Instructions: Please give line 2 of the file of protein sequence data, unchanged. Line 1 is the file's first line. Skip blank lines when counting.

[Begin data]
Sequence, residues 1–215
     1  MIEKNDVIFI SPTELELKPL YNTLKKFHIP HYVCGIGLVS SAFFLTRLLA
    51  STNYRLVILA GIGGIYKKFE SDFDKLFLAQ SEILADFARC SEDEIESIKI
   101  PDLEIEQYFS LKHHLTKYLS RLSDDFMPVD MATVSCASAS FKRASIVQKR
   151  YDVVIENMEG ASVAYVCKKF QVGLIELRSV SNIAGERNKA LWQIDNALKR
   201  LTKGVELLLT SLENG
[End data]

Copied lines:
     1  MIEKNDVIFI SPTELELKPL YNTLKKFHIP HYVCGIGLVS SAFFLTRLLA